World War II
Activated: 15 August 1942.
Overseas: 23 July 1944.
Campaigns: Ryukyus, Southern Philippines.
Distinguished Unit Citations: 1.
Awards: MH-5 ; DSC-12 ; DSM-1 ;
SS-232 ; LM-4; SM-73 ; BSM-4,588 ; AM-84.
Maj. Gen. James L. Bradley commanded the division throughout its entire life in World War II.
Returned to U. S.: 2 February 1946.
Inactivated: 3 February 1946.
The 96th Infantry Division trained in Hawaiian Islands, July to September 1944, before entering combat in an assault landing in Leyte Gulf, Philippine Islands, between Tanauan and Dulag, 20 October 1944. Enemy resistance in the beachhead area was quickly broken and the Division had advanced to and secured the Tanauan-Dagami-Tabontabon sector by 9 November after heavy fighting. The Division continued to wipe out resistance on the island, engaging in small unit actions, patrolling, probing, and wiping out pockets of Japanese. Chalk Ridge was taken, 12 December 1944, and major organized resistance was at an end by Christmas Day. The next 3 months were spent in mopping up, security duty, training, and loading for the coming invasion of Okinawa. The Division left the Philippines, 27 March 1945, for Okinawa, making an assault landing on the island, 1 April 1945. The landing was unopposed and a beachhead was established near Sunabe, 1-3 April. Resistance stiffened considerably as the Division advanced to gakazu Ridge, where fighting was fierce, 7-16 April. The 96th assaulted and cracked the fanatically defended enemy defense line, Tanabaru Nishibaru, 17-23 April, and after advancing slightly against extremely determined resistance, was relieved, 30 April, by the 77th Infantry Division. The Division trained and rested, 1-9 May, while elements mopped up bypassed enemy pockets and then returned to the offensive, 10 May, attacking and capturing Conical-Sugar Hill Ridge, 21 May, thus breaking the right flank of the Shuri defenses. Heavy rains the following week slowed down the advance. The offensive was resumed, 30 May, against weakening enemy resistance; Japanese north of Yonabaru-Shuri-Naha Road area were cleared out. Resistance stiffened again, 3 June, and Laura Hill was taken, 14 June 1945, only after a bloody fight; the last important Japanese defense position, the Yuza-Dake, Yaeju-Dake Hill mass, was secured by 17 June, and on 22 June all resistance was declared at an end. The Division patrolled an area from Chan to Ogusuku until 30 June. After resting in July, the Division left Okinawa for Mindoro, in the Philippines, and engaged in a training program. The Division left the Philippines, 17 January 1946, for the United States.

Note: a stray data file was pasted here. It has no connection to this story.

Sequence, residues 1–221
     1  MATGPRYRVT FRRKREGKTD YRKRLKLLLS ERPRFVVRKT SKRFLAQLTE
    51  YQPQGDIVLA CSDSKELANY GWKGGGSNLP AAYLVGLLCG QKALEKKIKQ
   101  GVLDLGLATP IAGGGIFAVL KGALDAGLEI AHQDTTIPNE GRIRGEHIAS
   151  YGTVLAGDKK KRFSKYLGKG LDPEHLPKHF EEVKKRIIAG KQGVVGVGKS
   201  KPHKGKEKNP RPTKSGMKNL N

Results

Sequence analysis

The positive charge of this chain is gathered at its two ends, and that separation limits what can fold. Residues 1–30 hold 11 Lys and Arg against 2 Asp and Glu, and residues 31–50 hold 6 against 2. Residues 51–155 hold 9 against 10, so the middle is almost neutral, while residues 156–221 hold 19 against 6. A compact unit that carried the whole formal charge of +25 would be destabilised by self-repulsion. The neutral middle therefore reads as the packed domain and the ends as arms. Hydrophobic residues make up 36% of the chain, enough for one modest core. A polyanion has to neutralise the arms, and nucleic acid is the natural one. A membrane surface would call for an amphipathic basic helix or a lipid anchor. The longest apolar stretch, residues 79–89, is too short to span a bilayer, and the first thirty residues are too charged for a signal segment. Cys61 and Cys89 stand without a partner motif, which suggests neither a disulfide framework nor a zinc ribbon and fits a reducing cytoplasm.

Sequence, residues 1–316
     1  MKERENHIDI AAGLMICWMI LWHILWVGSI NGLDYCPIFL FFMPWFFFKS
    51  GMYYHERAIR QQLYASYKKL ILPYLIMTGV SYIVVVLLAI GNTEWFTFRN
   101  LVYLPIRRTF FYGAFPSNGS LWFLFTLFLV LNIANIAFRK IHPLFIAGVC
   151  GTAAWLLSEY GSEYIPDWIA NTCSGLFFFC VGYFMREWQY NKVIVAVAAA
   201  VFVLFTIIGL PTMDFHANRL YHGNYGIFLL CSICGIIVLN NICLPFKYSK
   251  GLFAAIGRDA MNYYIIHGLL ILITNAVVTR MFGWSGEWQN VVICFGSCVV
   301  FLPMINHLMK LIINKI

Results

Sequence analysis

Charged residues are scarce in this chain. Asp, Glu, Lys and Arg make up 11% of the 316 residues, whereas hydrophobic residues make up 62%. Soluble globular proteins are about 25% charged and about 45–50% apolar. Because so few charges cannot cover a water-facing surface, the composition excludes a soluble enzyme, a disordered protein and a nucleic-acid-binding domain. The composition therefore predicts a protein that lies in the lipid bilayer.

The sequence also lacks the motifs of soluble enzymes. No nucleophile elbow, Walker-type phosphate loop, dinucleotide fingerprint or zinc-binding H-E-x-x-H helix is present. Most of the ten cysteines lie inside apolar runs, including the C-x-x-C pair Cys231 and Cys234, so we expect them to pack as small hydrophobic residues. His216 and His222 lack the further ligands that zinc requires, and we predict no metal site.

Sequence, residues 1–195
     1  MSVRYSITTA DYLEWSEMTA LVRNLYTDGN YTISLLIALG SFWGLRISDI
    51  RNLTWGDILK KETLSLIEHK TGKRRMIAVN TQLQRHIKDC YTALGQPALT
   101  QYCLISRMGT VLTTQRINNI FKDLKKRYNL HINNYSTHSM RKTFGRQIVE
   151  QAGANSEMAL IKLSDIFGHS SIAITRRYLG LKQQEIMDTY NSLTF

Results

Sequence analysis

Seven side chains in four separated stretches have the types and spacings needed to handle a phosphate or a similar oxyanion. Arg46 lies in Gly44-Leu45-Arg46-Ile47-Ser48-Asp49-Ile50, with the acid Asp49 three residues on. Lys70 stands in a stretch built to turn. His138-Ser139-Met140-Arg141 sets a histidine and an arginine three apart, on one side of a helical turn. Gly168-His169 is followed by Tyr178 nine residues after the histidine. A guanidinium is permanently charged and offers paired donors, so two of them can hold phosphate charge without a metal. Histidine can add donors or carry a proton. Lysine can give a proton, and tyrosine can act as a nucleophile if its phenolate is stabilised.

Nickname: Deadeye Division. Shoulder patch: A white diamond and a blue diamond which overlap, both superimposed on a hexagonial patch with khaki background. Publication: Deadeyes, The Story of the 96th Infantry Division; by Capt. John C. Willems, Capt. Orlando R. Davidson, and Tee. 4 Joseph A. Kahl, unit historians; The Infantry Journal, Washington 6, D. C.; 1947.
[Nota Bene: These combat chronicles, current as of October 1948, are reproduced from The Army Almanac: A Book of Facts Concerning the Army of the United States, U.S. Government Printing Office, 1950, pp. 510-592.]